Sometimes my word-love is concentrated and careful, and sometimes it is haphazard and fanciful. When I first read "A Note to the Difficult One," I was initially being a very light hearted reader. I was alone on a very rainy morning not really thinking very clearly about the writing ahead of me. The poem's first stanza echoed my morning feeling-I was about to be both a writer and reader of my own words. Graham wrote: "I think I am beginning to have nearly / A way of writing down what it is I think / You say." These lines were at first a direct challenge for me to divide my consciousness as both a writer and reader. In fact, that's how I first read the whole poem-as a writer talking to himself. This is something Kinsella and Pinter would probably agree with, but that interpretation didn't stick with me. As I read the poem again and again, I thought of how the idea of "new language" is difficult for anyone to learn, and how writing with quotes and sources is a complex, academic language that requires years of practice. Even with mastery, scholarly writing may fall short because it doesn't always address how writers feel about their own ideas. I could easily imagine laughing with my students when I read Graham talking about those "Terrible words nearly always just beyond me." Sometimes my students feel intimidated by words they don't understand, and sometimes they even feel a touch crusty when I push them to look up every word. So of course the use of "vocabulary" in the second stanza" made my "college level," teacherly interpretation of the poem become more solid. Don't students often feel that academic writing makes them do what Graham questions as difficult? Academic writing experiences often "translate natural occurrences / Into something beyond any idea / Of pleasure." Graham's poem and my interpretation made the rain and my thoughts about teaching writing seem a bit dreary. I want my students to experience pleasure in their writing and that's why I try help them to infuse their essays with creative writing that captures something of their feelings and ideas not always present in their academic essays.

"This morning I am ready if you are" Graham wrote in the beginning of the third stanza. I didn't exactly know I was "ready" to try to be a better writing teacher by writing my own assignment until I read "A Note to the Difficult One." Afterwards, it became clear I was "ready" with both my creative and academic juices flowing from Graham's inspiration. I didn't expect anything specific when I opened the email from CWUHM-L with the poem in it, but Graham's words gradually made me realize my morning's real work. When I started writing this essay, I knew that I was in for more writing than I had time for, but the art in Graham's poem had me in its grasp and I knew that writing would let me continue to feel each word in the poem more deeply. Winterson argues that "all art is the communication cord that cannot be snapped by indifference or disaster" (20) and I realized that I might use her idea of art's tenacity to link the art of teaching writing to motivate this writing. I know that student indifference and disaster is often what stops communication, and that's why I reflected that if I wrote well enough, I could show my attention to my students' writing difficulties within this writing simply by doing the writing. Sounds easy and instant but it wasn't-writing is never as easy as it seems.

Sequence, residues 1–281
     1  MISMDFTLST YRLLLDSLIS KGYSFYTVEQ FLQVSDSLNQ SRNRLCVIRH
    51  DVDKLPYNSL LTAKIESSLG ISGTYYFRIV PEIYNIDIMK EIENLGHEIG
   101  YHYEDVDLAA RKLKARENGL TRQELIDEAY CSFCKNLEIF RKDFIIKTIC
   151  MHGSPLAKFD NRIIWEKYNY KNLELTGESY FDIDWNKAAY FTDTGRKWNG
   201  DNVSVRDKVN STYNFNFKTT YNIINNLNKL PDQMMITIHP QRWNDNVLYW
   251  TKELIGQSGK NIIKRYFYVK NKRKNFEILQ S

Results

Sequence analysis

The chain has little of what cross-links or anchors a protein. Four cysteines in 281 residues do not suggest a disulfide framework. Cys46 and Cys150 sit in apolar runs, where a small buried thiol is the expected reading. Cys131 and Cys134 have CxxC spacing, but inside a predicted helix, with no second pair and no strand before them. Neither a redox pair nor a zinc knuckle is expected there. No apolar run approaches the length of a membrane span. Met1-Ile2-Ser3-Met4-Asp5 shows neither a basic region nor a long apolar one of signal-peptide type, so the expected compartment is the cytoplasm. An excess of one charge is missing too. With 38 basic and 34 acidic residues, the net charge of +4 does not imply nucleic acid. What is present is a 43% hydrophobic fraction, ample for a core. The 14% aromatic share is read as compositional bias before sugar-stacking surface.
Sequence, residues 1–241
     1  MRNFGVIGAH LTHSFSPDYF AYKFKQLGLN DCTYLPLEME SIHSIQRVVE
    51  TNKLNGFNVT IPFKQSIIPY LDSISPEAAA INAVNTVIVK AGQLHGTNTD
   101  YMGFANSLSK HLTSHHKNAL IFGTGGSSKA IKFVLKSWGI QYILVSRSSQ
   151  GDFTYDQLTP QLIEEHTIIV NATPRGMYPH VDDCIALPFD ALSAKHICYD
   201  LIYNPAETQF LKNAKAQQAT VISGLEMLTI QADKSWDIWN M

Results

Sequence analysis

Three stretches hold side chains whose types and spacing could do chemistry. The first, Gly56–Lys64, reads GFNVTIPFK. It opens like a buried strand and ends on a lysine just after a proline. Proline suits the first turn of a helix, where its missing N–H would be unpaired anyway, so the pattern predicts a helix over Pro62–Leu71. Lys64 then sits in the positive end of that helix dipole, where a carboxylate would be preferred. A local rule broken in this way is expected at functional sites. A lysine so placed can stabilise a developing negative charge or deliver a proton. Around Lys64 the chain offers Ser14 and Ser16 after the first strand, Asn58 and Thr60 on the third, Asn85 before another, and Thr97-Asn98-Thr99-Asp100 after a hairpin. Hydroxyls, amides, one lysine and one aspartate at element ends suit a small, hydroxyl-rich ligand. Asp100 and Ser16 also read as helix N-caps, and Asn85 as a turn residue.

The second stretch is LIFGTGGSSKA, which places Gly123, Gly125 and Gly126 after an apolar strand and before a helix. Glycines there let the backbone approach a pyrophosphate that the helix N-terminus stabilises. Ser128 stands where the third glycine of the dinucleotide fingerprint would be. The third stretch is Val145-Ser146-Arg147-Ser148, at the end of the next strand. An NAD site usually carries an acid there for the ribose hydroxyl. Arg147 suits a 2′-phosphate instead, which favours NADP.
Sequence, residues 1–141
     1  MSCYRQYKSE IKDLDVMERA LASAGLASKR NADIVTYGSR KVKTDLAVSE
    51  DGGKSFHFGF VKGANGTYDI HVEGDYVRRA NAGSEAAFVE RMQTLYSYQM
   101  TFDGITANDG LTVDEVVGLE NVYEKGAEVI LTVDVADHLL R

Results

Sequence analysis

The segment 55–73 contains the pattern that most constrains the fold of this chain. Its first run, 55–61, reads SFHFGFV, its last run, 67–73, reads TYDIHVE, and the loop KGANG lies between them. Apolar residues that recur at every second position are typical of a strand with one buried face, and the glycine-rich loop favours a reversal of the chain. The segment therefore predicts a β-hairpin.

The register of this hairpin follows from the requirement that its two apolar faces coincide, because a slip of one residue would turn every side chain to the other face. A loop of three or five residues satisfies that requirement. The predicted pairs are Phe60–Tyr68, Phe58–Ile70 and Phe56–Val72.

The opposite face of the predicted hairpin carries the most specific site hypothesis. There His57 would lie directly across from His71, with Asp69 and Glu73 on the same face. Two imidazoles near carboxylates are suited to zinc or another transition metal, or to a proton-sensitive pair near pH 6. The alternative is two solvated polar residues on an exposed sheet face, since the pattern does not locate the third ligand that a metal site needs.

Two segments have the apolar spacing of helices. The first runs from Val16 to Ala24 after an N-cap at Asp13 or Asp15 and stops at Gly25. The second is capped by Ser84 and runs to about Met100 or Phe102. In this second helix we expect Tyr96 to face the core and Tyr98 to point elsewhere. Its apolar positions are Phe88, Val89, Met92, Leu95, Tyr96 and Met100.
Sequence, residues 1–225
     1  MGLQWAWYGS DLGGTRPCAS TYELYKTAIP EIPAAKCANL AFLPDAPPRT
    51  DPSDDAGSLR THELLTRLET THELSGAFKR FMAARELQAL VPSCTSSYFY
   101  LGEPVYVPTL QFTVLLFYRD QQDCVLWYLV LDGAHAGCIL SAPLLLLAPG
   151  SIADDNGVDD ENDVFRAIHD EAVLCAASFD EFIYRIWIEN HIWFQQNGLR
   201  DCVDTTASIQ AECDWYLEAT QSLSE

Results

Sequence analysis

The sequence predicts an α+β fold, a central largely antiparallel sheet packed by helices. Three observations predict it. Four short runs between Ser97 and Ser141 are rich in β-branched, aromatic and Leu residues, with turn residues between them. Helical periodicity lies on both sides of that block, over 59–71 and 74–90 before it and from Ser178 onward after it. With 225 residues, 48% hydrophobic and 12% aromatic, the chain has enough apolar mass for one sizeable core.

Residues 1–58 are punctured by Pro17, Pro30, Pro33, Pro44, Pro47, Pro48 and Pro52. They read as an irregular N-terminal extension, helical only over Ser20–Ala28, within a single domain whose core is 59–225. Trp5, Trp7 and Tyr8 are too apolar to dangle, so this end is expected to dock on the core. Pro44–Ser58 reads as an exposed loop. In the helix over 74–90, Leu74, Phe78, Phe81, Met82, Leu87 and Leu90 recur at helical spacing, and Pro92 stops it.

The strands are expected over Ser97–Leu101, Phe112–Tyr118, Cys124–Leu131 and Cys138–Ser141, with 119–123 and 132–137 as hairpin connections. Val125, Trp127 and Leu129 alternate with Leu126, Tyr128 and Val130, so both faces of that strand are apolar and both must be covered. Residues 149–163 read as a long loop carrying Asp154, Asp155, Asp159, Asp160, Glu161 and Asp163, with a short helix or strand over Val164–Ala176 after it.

Reading "A Note to the Difficult One" became a "re-visioning" catalyst for me to better understand my writing students. The day I planned and wrote an early draft of this essay, it rained all day. Maybe it's just haphazard synchronicity, but those "early quick rains / Of Spring" really did help me to see Graham's poem, this essay and my teaching through a very watery, multigenre lens. Reading, writing and living a good poem in the moment it shows up in my email's inbox was good luck, hard writing work, and a fine cosmic joke on a writing teacher who realized he must do his own assignment.